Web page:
by Mark Gwynn
In discussions about the Federal budget in the coming weeks we will hear both sides of politics claim that Australians deserve a fair go. Indeed Australian politics have been awash in recent times with words reflecting an age that many may have thought belonged to an earlier period of socialists versus capitalists, left versus right, workers versus employers. We have the politics of envy, class warfare, and of course the right of all Australians to a fair go.
The Australian Treasurer Wayne Swan has gone on the attack in recent months claiming that vested interests and billionaires are threatening the Australian idea of the fair go. The Opposition has counterattacked with claims that the Labor party is taking the nation back to the bad old days of class warfare, class envy, and the punishment of success and entrepreneurship. Mining magnates are utilising the media to claim that they deserve a fair go because they are the wealth and job creators – the reason why Australia escaped the world recession largely intact.
The demographer Bernard Salt, writing in the Australian on Australia Day this year, emphasises the important role of notions of the fair go in Australian national identity:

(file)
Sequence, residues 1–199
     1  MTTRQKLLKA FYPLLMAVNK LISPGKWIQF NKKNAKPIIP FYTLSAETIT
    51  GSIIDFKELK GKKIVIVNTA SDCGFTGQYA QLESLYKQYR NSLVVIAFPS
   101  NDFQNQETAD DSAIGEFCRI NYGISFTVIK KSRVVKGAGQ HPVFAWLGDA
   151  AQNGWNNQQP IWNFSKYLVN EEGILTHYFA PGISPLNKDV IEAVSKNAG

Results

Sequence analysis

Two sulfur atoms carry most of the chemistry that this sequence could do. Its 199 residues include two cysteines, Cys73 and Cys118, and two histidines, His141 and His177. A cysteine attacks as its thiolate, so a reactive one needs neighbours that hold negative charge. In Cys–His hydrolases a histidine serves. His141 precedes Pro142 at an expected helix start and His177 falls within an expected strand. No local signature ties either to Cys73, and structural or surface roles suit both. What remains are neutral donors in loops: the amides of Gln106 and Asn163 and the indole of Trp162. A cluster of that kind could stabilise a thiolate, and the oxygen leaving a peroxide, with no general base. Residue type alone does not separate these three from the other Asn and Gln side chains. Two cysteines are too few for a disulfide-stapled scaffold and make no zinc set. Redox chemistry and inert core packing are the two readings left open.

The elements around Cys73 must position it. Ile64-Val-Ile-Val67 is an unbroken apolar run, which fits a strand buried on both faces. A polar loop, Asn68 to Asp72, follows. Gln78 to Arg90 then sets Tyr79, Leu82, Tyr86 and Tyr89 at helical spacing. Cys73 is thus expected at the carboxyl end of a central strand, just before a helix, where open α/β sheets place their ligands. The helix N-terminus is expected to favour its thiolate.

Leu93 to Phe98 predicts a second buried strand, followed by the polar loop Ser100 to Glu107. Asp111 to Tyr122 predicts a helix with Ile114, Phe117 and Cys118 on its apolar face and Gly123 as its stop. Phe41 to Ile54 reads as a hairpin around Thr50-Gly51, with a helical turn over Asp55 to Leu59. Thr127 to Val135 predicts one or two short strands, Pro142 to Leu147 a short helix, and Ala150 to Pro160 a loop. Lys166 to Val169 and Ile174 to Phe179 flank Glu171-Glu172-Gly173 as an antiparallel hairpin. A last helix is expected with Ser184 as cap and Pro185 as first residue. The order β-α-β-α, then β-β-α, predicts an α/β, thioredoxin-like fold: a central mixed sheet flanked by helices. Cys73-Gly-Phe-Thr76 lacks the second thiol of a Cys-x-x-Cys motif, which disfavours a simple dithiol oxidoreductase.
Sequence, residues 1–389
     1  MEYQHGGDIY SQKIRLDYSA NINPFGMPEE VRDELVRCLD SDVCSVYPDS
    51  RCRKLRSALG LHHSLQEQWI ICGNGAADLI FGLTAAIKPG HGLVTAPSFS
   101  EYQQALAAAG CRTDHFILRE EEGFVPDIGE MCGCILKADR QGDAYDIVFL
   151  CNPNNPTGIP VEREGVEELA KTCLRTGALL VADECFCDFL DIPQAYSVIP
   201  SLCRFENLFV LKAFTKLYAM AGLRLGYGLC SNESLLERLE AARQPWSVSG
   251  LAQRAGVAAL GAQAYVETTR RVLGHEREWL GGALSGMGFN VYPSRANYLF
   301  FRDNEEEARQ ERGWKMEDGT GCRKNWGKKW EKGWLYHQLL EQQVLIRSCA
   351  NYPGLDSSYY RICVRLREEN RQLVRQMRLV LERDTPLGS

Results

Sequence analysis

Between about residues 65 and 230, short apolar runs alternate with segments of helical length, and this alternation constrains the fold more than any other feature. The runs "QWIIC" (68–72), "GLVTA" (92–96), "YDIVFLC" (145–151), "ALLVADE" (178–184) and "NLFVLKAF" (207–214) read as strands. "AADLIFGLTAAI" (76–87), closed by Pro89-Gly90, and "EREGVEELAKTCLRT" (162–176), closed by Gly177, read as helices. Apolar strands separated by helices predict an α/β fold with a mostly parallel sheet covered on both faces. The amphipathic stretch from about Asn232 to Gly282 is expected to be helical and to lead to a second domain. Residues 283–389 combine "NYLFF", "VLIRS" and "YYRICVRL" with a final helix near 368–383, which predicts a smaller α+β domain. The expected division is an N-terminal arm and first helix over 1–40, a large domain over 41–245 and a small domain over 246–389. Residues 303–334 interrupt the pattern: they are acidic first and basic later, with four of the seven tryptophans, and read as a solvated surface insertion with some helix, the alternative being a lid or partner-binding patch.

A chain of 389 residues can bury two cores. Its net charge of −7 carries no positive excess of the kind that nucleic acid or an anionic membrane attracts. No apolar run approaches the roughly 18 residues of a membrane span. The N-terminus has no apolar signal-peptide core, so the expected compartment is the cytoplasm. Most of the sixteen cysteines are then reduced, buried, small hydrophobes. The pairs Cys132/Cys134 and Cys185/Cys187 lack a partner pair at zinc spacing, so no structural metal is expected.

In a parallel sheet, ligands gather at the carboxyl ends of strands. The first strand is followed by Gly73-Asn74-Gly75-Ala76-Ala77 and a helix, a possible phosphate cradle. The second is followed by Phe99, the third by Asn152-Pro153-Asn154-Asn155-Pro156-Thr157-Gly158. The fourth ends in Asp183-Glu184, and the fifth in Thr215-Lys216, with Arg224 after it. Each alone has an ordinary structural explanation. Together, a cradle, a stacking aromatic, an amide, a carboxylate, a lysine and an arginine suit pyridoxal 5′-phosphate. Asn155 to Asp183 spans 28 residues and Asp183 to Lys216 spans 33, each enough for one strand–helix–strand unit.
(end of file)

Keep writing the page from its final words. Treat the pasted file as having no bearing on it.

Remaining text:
The English are said to be reserved and propelled by class. Americans are brash and are wedded to the free market economy. The French are defined by their stylish living and by a quality that is difficult to translate into English: insouciance. Australians too can be classified in simple and some might say jingoistic terms: we are laid back with a love of the outdoors and a fervent belief in a fair go for all.
The Australian term fair go is iconic and resonant in Australian history and Australian English. It emerges with its current meaning (an equitable opportunity, a reasonable chance; even-handed treatment) in the shearers’ strike of 1891 which saw the defeat of the unions but the subsequent birth of the Australian Labor Party. The history of the term charts a period of Australian history that covers the rise of unionised labour, workers’ rights, Labor governments, and the perception of Australia as an egalitarian society – a ‘workers’ paradise’. In recent years the fair go has become a contested term – one that can be claimed by all Australians regardless of wealth, background, or political persuasion. So the current debate in Australian politics over an entitlement to a fair go is as much a debate over claiming the values and history associated with the term as it is with redefining the term in an Australia vastly different to the struggles of shearers in the late 19th century.
Our earliest evidence now comes from 1891 in relation to the shearers’ strike – see this article in the Brisbane Courier.